KATSU is one of contemporary graffiti’s most interesting writers as well as a Virtual Research Fellow at F.A.T. Lab. As a member of the BTM Crew, he is a world-class writer when it comes to traditional graffiti on the street. Be it with stickers, markers, posters, spraypaint or even fire extinguishers filled with paint, KATSU has gotten up hard for years. But what really sets KATSU apart for me and for the purposes of this book are his experiments with digital graffiti. KATSU is a master of getting his brand in your head, by any means necessary. KATSU still retains some of that traditional graffiti viewpoint about the preeminence of physical work, but his thoughts and deeds regarding digital graffiti are miles beyond almost any street artist or other graffiti writer. Although KATSU is usually quite secretive, I was lucky enough to get this email interview with him.
RJ: How do you use the internet in relation to your artwork?
KATSU: I use the internet as an intimate media outlet for people of the graffiti demographic to learn about me. The internet is the medium. The internet is explored, logged and shared. Half of what I do is based on what type of reaction my experiments get. The internet is the ultimate testing ground for my visual works.
RJ: How did you come up with the idea to make work for an entirely online audience and why make that decision?
KATSU: I took a look in the mirror and accepted that I did everything online. I looked at art, crime, news and stories all online. I couldn’t lie to myself and say, “The internet is bullshit, everything is fake and not substantial.” There was no question as to whether the internet was the best way to accumulate “FT’s”. But something I noticed was that the internet had a weird way of credentialing happenings. To see a piece of graffiti content on the web meant that that artist or that work was “validated” through being published digitally. The online audience is a new and premier audience which I highly respect.
RJ: How did you come up with the idea to make fake videos of yourself tagging things? Any connection to Marc Ecko?
KATSU: The fake videos were really a graffiti joke. I just wanted to experiment with After Effects and see if i could make a couple videos that might fool me for a second. I wanted my fellow writers to be entertained by my efforts. The Marc Ecko video had a completely different intention and I honestly can say I was not inspired by it to make mine. My fake videos were all about the resourcefulness of graffiti writers. Graffiti writers make their tools, they make their stickers and pens and create everything from scratch. I thought, “Why not put my After Effects skills to use?” I mean it also ties back to question 2, KATSU wanted to experiment with the web and it’s reliability in hosting honest content.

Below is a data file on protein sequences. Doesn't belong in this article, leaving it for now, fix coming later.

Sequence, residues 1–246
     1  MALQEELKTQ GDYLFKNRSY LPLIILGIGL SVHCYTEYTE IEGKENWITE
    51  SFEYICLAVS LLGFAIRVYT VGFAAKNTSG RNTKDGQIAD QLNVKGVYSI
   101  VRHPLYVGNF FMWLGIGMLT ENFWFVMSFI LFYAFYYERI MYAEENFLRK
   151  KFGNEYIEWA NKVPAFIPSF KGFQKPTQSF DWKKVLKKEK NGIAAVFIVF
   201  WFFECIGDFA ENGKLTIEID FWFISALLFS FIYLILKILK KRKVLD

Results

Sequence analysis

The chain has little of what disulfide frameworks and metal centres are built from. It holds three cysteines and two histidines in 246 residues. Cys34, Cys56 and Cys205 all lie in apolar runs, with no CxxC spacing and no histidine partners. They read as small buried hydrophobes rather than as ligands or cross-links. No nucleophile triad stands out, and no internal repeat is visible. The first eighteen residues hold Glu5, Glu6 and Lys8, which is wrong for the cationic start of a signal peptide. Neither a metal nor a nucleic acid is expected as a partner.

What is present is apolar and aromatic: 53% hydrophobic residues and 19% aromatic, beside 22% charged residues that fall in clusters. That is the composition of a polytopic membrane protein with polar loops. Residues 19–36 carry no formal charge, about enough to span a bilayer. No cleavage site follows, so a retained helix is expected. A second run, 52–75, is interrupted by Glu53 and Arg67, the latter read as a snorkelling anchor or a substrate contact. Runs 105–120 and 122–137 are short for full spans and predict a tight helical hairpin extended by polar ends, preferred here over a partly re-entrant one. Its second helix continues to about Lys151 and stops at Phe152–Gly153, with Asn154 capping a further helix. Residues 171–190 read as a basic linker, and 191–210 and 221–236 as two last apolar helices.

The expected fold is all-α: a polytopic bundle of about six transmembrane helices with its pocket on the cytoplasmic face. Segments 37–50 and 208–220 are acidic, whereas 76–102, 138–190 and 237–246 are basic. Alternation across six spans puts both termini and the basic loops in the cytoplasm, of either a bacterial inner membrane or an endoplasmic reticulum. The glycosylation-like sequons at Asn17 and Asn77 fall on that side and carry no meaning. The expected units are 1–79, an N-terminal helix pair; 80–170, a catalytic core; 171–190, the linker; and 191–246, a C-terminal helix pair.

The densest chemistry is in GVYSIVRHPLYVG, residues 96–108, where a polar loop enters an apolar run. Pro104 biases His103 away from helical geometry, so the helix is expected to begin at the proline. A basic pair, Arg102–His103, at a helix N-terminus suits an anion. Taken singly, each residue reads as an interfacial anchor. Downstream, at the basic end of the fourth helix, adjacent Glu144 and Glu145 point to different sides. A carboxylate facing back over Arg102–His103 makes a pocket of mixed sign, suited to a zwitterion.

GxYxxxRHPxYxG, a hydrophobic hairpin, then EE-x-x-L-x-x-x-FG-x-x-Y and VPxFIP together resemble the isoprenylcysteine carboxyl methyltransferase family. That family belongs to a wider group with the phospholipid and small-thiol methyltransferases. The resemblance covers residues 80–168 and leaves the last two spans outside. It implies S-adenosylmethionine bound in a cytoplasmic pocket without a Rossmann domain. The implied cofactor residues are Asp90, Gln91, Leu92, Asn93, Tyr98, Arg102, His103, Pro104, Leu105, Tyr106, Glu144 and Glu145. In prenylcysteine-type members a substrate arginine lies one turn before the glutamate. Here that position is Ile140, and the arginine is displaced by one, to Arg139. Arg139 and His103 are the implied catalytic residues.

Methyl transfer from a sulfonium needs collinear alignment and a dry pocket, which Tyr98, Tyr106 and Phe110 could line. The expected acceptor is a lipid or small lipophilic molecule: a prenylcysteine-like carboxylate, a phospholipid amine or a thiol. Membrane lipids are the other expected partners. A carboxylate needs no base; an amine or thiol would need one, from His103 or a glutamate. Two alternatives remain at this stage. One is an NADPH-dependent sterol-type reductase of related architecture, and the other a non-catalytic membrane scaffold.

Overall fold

RJ: What was the response to those videos and what did you expect or hope the response to be?
KATSU: The response was great. People were excited, annoyed and confused. The plan was to make YouTube videos like stickers. Basically to pump out content under my name and displaying my mark. I figured that I could use even the thumbnails of the unplayed videos as visual media. I really did not have any hopes for response. I only wanted to entertain and annoy my graff family. People still come up to me, “Yo man, on the real, how’d you get away? You’re a maniac.” or “Dude I know those are fake.”
KATSU: I had just finished installing the MoMA x NIKE booth campaign and was riding high on fame token fumes. I knew that the MOCA show was being installed and I knew that the curators were sugar coating the show for the general public. It was the most comprehensive show on graffiti and vandalism ever and I was not involved. I did not think that I should be but decided that I would be. I wanted to put some “real” graffiti in the show and see how Deitch and others would react. I’ve come to decide that my medium is experimentation. Whether it’s messaging or medium, I do not really have a plan. Just that I’d like to see graffiti writers and others react and activate what it is that I did.
I love to watch graffiti happen. Whether it’s looking out for my boys or watching old graff vids, I just cannot get enough action footage. The MOCA piece had to be filmed for myself. It was really hot and difficult to pull off when I did it. I needed something to refer to and show future vandals.
Graffiti is mostly about implementation, the act. What risks were taken? How did the body move? What mark was left?
RJ: Do you think shock and awe is integral in getting noticed on the internet?
KATSU: Yes, of course it is. Why do you think videos of people fighting and hurting themselves is so popular. People want to use the internet to experience the things that are lacking in their life.
RJ: Can you be a vandal online?
KATSU: Yes, in 2 ways. First you can upload and share content that represents your tag or your tagging happening in a way that really emphasizes the criminality of the act. Just getting your tag online where people can see it is vandalism for me. It’s all about what your graff represents. If it is a symbol of vandalism then getting up online can function in a similar way to defacing property. The second way you can be a vandal online is through actually marking or defacing the digital space. I’ve always dreamt of the day I could tag the Google homepage for .15 of a second. Just think of the number of people worldwide that would see my tag right over the Google logo. Coming up with ways to watermark, ways of spamming and hacking will be the bridge for physical graffiti to the digital realm. Hackers and Graffiti taggers are very similar in the way they think. I think that’s why Zuckerberg is so into graff… though he’s more of a master identity thief.
RJ: Is there a right or better way for writers to do gallery work while maintaining integrity? Can you talk a bit about how your piece at Mallick Williams came about?